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dc.contributor.authorKanekura, Kohsuke
dc.contributor.authorMa, Xiucui
dc.contributor.authorMurphy, John T.
dc.contributor.authorZhu, Lihua Julie
dc.contributor.authorDiwan, Abhinav
dc.contributor.authorUrano, Fumihiko
dc.date2022-08-11T08:09:19.000
dc.date.accessioned2022-08-23T16:26:20Z
dc.date.available2022-08-23T16:26:20Z
dc.date.issued2015-06-23
dc.date.submitted2015-12-03
dc.identifier.citationSci Signal. 2015 Jun 23;8(382):ra62. doi: 10.1126/scisignal.aaa0341. <a href="http://dx.doi.org/10.1126/scisignal.aaa0341">Link to article on publisher's site</a>
dc.identifier.issn1937-9145 (Electronic)
dc.identifier.doi10.1126/scisignal.aaa0341
dc.identifier.pmid26106220
dc.identifier.urihttp://hdl.handle.net/20.500.14038/36544
dc.description.abstractThe endoplasmic reticulum (ER) has emerged as a critical regulator of cell survival. IRE1 is a transmembrane protein with kinase and RNase activities that is localized to the ER and that promotes resistance to ER stress. We showed a mechanism by which IRE1 conferred protection against ER stress-mediated cell death. IRE1 signaling prevented ER membrane permeabilization mediated by Bax and Bak and cell death in cells experiencing ER stress. Suppression of IRE1 signaling triggered by its kinase activity led to the accumulation of the BH3 domain-containing protein Bnip3, which in turn triggered the oligomerization of Bax and Bak in the ER membrane and ER membrane permeabilization. Consequently, in response to ER stress, cells deficient in IRE1 were susceptible to leakage of ER contents, which was associated with the accumulation of calcium in mitochondria, oxidative stress in the cytosol, and ultimately cell death. Our results reveal a role for IRE1 in preventing a cell death-initializing step that emanates from the ER and provide a potential target for treating diseases characterized by ER stress, including diabetes and Wolfram syndrome.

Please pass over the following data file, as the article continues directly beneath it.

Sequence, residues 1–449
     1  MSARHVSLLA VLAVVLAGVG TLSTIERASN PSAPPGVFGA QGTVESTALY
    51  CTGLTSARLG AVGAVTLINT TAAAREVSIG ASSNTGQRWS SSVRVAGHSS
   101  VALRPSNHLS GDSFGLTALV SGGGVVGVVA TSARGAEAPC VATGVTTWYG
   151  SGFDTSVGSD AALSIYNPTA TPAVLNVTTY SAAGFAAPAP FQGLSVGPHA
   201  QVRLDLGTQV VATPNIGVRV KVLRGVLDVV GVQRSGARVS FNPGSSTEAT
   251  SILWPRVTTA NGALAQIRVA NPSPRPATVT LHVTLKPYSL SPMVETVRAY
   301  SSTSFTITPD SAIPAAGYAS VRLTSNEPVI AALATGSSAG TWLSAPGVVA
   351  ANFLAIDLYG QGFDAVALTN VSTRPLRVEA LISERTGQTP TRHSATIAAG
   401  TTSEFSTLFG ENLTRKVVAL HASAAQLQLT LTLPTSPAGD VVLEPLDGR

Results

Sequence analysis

dc.language.isoen_US
dc.relation<a href="http://www.ncbi.nlm.nih.gov/entrez/query.fcgi?db=pubmed&cmd=Retrieve&list_uids=26106220&dopt=Abstract">Link to Article in PubMed</a>
dc.relation.urlhttp://www.ncbi.nlm.nih.gov/pmc/articles/PMC4492519/
dc.subjectCell Biology
dc.subjectCellular and Molecular Physiology
dc.titleIRE1 prevents endoplasmic reticulum membrane permeabilization and cell death under pathological conditions
dc.typeJournal Article
dc.source.journaltitleScience signaling
dc.source.volume8
dc.source.issue382
dc.identifier.legacycoverpagehttps://escholarship.umassmed.edu/mccb_pubs/40
dc.identifier.contextkey7899963
html.description.abstract<p>The endoplasmic reticulum (ER) has emerged as a critical regulator of cell survival. IRE1 is a transmembrane protein with kinase and RNase activities that is localized to the ER and that promotes resistance to ER stress. We showed a mechanism by which IRE1 conferred protection against ER stress-mediated cell death. IRE1 signaling prevented ER membrane permeabilization mediated by Bax and Bak and cell death in cells experiencing ER stress. Suppression of IRE1 signaling triggered by its kinase activity led to the accumulation of the BH3 domain-containing protein Bnip3, which in turn triggered the oligomerization of Bax and Bak in the ER membrane and ER membrane permeabilization. Consequently, in response to ER stress, cells deficient in IRE1 were susceptible to leakage of ER contents, which was associated with the accumulation of calcium in mitochondria, oxidative stress in the cytosol, and ultimately cell death. Our results reveal a role for IRE1 in preventing a cell death-initializing step that emanates from the ER and provide a potential target for treating diseases characterized by ER stress, including diabetes and Wolfram syndrome.</p>
dc.identifier.submissionpathmccb_pubs/40
dc.contributor.departmentDepartment of Molecular, Cell and Cancer Biology
dc.source.pagesra62


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